The lesson that this book taught me, was that you get as much out of a person as you invest into them. Be genuinely interested in them, share your ideas freely, focus on the positive, don’t publicly criticise, use their name and be humble. It all sounds so simple, but ingraining it into your personality so it is a fluid and natural reaction takes a lot of repetition of both reading the book and implementing the ideas. I guess this is why neuroscience has emerged in such a massive way lately! Anyway I am now reading it for the second time in a row, and I am still learning new things and finding things I do wrong on a daily basis. I recommend this book to anyone, but particularly “green” engineers who are self-aware enough to know they could interact with the world better.

January 1st, 2013 By Scott Savage Categories: Google, Internet, software
FlickrToPlus.com Screenshot

FlickrToPlus.com Screenshot

I have been using Google Plus a lot more lately, and now feel that the social layer (permissions and annotations) adds substantially to the photo experience. I know this is not a new revelation, but as a long time Flickr Pro customer I felt that the options of “Friends” or “Family” visibility, when I don’t really have either on Flickr, were not enough. Therefore over the 2012 Christmas holiday break I decided to work on a new web tool, FlickrToPlus.com.

There are two really annoying things about doing this migration for me:

  1. Losing metadata – especially titles and geo data
  2. Downloading/Uploading every file

This tool solves both these problems with the help of the Flickr and Picasa API’s. In fact my server doesn’t even see the photo files, you can pass a Flickr original image URL directly to the Picasa API. This means the service is fast and reliable. All you need to do is log in with both Flickr and Picasa, and then check the box against the set you would like to migrate. The site will then provide a progress update on the migration status. Google Plus albums and Picasa albums are currently pretty much the same thing, so these migrated albums are available straight away in the Google Plus interface for sharing with your friends.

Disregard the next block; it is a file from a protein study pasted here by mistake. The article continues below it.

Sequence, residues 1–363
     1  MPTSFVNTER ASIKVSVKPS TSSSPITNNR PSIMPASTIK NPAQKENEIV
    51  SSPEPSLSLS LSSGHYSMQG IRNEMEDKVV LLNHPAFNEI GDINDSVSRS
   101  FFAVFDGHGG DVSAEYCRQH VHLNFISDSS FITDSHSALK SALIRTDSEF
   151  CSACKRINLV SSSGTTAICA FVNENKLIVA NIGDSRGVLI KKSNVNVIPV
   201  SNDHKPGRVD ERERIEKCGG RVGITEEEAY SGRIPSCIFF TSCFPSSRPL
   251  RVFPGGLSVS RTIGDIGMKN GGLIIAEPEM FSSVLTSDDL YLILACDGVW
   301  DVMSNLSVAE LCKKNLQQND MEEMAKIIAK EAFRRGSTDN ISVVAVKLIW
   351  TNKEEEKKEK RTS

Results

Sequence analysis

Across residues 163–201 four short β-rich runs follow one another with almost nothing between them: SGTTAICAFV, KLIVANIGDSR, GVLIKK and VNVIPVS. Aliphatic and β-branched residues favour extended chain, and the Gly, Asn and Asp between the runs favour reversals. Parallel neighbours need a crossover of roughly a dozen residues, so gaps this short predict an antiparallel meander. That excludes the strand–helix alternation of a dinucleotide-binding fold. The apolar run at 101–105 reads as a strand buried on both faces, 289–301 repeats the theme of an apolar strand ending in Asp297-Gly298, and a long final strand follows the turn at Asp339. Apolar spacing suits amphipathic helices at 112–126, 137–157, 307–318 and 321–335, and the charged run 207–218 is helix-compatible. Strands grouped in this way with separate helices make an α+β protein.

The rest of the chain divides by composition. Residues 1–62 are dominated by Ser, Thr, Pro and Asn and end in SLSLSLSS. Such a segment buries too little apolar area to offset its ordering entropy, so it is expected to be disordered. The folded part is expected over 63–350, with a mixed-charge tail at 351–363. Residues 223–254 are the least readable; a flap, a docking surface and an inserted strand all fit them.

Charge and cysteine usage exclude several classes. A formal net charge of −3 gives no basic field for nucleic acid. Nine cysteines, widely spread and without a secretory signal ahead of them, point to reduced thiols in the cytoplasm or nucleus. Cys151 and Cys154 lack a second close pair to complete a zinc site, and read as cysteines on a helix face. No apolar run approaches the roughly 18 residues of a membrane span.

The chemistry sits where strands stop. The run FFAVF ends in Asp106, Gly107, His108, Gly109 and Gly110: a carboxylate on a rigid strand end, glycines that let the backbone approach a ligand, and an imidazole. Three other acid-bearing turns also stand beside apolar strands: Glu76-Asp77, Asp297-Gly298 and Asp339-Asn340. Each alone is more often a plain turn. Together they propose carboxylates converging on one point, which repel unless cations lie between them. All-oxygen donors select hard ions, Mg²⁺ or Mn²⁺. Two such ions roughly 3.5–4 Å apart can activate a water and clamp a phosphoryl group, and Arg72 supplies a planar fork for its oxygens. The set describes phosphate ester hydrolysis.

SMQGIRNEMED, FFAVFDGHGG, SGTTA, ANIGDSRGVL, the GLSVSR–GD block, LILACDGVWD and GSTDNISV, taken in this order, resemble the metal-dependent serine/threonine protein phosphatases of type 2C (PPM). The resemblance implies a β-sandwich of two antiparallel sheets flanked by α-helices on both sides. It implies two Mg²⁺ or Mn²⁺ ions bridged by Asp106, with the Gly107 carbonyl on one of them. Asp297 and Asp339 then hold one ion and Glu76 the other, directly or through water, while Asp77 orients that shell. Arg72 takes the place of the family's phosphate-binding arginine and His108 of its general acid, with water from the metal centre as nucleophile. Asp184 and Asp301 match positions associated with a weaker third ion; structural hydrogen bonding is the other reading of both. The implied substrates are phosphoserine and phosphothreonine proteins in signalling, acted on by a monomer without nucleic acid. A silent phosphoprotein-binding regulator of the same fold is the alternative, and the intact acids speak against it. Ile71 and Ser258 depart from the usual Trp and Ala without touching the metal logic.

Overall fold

Please give it a try and let me know what you think!

August 17th, 2012 By Scott Savage Categories: Internet, youtube
Final Olympics 2012 YouTube Live gadget

YouTube.com/Olympics gadget currently Live

The London 2012 Olympics was the highest profile program I have worked on for YouTube. I was responsible for the IOC YouTube Channel – youtube.com/olympic. This channel only displayed the full content experience for 64 countries during the games across APAC; the largest being India, Indonesia, Malaysia and Singapore. These 64 countries received 11 live channels running 1200 live events in 1080p HD for 18hrs a day, plus nearly all archived content available. It was a huge process to get this content uploaded, named, categorised into playlists and keywords, and finally navigable in a custom gadget.

The result was well worth the effort, we received 72 million streams just during the 2 week period. Subsequently the content geo-restrictions were removed, and the channel view count has since broken the 100 million views mark. All the global statistics are wrapped up in this official blog post.

This first Olympics has built a solid subscriber base for future events, lifting the number of subscribers by 360k to almost 500k. This is a huge and engaged audience that will be waiting for the next big Olympics event to start. It was great to be a part of this program, and I hope it is seen as a template for how large events can play out online in the future.

May 21st, 2012 By Scott Savage Categories: Internet, software, youtube